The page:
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Front. Oncol., 13 September 2019
Sec. Gastrointestinal Cancers

Development of Patient-Derived Preclinical Platform for Metastatic Pancreatic Cancer: PDOX and a Subsequent Organoid Model System Using Percutaneous Biopsy Samples

\nSun Il Choi,&#x;Sun Il Choi1,2A-Ra Jeon&#x;A-Ra Jeon1Min Kyeong KimMin Kyeong Kim3Yu-Sun LeeYu-Sun Lee1Ji Eun ImJi Eun Im1Jung-Wook Koh,Jung-Wook Koh1,4Sung-Sik HanSung-Sik Han5Sun-Young Kong,,Sun-Young Kong3,6,7Kyong-Ah YoonKyong-Ah Yoon8Young-Hwan Koh,Young-Hwan Koh5,9Ju Hee LeeJu Hee Lee9Woo Jin LeeWoo Jin Lee5Sang-Jae ParkSang-Jae Park5En Kyung HongEn Kyung Hong5Sang Myung Woo,,
Sang Myung Woo5,7,10*Yun-Hee Kim,
Yun-Hee Kim1,7*
  • 1Division of Convergence Technology, Research Institute of National Cancer Center, Goyang, South Korea
  • 2Department of Life Science, Ewha Womans University, Seoul, South Korea
  • 3Division of Translational Science, Research Institute of National Cancer Center, Goyang, South Korea
  • 4Department of Biology, College of Education, Seoul National University, Seoul, South Korea
  • 5Center for Liver and Pancreatobiliary Cancer, National Cancer Center, Goyang, South Korea
  • 6Department of Laboratory Medicine, Center for Diagnostic Oncology, National Cancer Center, Goyang, South Korea
  • 7Department of Cancer Biomedical Science, The National Cancer Center Graduate School of Cancer Science and Policy, Goyang, South Korea
  • 8College of Veterinary Medicine, Konkuk University, Seoul, South Korea
  • 9Center for Diagnosic Oncology, National Cancer Center, Goyang, South Korea
  • 10Division of Tumor Immunology, National Cancer Center, Goyang, South Korea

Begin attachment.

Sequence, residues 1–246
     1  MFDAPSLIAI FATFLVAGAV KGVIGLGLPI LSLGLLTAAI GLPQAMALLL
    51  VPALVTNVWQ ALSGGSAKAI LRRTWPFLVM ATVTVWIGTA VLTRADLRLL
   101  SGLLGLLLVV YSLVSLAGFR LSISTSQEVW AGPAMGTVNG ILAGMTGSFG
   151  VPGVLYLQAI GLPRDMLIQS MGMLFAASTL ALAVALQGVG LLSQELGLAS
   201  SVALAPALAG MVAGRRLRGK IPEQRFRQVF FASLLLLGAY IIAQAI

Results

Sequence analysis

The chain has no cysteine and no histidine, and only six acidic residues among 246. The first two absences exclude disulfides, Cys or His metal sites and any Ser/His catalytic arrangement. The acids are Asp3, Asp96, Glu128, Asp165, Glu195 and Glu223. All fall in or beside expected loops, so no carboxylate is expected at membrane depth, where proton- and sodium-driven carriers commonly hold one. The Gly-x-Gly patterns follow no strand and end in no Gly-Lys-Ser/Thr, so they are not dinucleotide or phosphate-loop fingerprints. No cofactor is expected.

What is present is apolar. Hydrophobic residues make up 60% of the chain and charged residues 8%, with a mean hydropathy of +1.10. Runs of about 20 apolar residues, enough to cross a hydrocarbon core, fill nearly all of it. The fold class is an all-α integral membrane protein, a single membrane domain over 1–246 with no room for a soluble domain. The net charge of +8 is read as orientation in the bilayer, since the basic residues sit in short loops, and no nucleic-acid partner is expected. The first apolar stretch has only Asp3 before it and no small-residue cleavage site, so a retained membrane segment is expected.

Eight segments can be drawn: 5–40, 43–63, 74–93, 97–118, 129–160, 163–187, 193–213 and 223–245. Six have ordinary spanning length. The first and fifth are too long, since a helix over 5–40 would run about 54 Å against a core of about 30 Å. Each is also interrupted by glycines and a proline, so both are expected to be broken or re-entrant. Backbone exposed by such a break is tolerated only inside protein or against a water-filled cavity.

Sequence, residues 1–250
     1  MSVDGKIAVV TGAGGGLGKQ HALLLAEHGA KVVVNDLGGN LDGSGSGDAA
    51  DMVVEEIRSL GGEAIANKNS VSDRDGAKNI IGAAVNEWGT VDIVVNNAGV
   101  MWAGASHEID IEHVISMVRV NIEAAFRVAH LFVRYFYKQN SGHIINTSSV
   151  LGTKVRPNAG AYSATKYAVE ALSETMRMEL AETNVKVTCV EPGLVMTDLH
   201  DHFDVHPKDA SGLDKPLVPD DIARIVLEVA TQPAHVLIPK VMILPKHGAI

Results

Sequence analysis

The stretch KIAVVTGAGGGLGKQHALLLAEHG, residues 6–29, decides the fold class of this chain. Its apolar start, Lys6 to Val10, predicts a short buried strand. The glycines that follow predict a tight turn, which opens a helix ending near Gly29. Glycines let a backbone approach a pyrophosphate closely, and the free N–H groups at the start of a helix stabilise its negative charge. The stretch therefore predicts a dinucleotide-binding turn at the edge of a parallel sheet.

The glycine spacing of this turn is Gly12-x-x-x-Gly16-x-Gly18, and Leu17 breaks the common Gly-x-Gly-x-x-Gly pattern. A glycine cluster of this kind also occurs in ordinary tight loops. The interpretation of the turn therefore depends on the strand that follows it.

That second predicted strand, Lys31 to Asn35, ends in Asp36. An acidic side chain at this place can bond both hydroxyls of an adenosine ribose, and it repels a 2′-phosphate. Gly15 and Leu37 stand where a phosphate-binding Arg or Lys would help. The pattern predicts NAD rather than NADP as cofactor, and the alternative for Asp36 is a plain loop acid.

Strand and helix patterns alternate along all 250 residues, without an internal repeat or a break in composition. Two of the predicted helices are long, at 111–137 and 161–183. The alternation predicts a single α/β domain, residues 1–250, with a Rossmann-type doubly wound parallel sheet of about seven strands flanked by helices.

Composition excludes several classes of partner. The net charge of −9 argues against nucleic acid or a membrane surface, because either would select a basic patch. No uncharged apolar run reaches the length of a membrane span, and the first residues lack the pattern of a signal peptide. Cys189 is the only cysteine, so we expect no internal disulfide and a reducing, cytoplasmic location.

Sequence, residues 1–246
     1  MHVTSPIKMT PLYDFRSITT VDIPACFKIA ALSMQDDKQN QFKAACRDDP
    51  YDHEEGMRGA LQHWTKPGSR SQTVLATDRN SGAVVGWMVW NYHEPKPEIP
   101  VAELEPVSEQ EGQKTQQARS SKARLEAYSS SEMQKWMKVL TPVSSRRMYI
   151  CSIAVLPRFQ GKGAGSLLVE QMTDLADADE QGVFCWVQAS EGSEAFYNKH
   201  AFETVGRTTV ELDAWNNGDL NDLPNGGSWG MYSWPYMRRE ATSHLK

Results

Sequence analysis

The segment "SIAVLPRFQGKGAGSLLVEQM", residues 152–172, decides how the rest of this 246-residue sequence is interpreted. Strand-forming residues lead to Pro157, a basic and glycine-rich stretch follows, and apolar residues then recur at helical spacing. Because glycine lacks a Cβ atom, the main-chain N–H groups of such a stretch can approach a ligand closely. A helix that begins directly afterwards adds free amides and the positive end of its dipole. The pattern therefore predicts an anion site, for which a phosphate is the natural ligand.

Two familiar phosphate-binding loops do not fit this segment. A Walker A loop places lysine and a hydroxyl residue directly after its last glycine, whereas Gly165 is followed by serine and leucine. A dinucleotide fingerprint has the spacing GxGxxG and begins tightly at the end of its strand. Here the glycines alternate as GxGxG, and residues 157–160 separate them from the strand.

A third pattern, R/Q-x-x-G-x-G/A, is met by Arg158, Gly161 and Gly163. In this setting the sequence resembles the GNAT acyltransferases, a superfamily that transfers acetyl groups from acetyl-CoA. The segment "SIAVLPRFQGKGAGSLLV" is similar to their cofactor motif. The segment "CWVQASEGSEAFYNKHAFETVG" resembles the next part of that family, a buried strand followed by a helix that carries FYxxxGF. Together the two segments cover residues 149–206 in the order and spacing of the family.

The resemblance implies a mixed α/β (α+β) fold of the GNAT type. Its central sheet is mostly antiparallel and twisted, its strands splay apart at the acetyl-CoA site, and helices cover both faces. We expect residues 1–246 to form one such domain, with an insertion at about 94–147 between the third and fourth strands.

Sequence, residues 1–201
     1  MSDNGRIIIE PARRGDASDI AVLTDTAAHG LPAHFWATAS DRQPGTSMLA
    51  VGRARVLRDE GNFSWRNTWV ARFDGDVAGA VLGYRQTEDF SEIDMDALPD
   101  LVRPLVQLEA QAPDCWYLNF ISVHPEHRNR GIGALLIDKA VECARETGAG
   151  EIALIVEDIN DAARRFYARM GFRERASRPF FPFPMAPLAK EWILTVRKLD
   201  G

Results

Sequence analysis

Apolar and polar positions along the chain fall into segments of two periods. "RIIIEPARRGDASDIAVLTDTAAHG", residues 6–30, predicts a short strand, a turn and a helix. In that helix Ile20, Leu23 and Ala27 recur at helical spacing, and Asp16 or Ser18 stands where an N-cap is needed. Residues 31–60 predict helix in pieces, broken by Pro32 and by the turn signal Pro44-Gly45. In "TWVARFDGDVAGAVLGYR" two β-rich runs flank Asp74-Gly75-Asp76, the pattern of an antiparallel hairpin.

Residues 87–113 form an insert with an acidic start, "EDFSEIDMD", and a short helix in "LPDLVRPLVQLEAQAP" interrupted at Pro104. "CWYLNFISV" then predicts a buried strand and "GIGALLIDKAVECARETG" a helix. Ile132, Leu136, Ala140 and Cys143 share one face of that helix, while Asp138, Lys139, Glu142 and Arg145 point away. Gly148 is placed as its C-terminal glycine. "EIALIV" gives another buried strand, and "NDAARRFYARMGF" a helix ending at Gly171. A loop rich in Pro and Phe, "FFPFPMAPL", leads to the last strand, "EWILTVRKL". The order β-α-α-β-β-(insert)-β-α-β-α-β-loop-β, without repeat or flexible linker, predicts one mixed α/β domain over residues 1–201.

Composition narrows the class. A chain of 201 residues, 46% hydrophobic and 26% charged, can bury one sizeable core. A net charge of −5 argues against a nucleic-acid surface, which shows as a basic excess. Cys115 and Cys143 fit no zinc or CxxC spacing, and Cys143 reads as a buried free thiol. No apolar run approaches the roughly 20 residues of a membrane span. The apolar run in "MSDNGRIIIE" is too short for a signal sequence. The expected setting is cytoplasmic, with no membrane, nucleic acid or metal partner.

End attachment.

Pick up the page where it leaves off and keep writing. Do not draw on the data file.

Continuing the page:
Pancreatic ductal adenocarcinoma (PDAC) is the most lethal malignant tumor and more than 50% patients are diagnosed at metastatic stage. The preclinical model systems that reflect the genetic heterogeneity of metastatic tumors are urgently needed to guide optimal treatment. This study describes the development of patient-derived preclinical platform using very small sized-percutaneous liver gun biopsy (PLB) of metastatic pancreatic cancer, based on patient-derived xenograft (PDX)-mediated tissue amplification and subsequent organoid generation. To increase the success rate and shorten the tumor growth period, patient-derived orthotopic xenograft (PDOX) model was developed to directly implant threadlike PLB samples into the pancreas. The engraftment success rate of PDOX samples from 35 patients with metastatic PDAC was 47%, with these samples showing the potential to metastasize to distant organs, as in patients. The PDOX models retained the genetic alterations and histopathological features of the primary tumors. Tumor organoids were subsequently generated from first passage cancer cells isolated from F1 tumor tissue of PDOX that preserve the epithelial cancer characteristics and KRAS mutations of primary tumors. The response to gemcitabine of PDOX-derived organoids correlated with clinical outcomes in corresponding patients as well as PDOX models in vivo, suggesting that this PDOX-organoid system reflects clinical conditions. Collectively, these findings indicate that the proposed PDOX-organoid platform using PLB samples assessed both in vitro and in vivo could predict drug response under conditions closer to those found in actual patients, as well as enhancing understanding of the complexity of metastatic PDAC.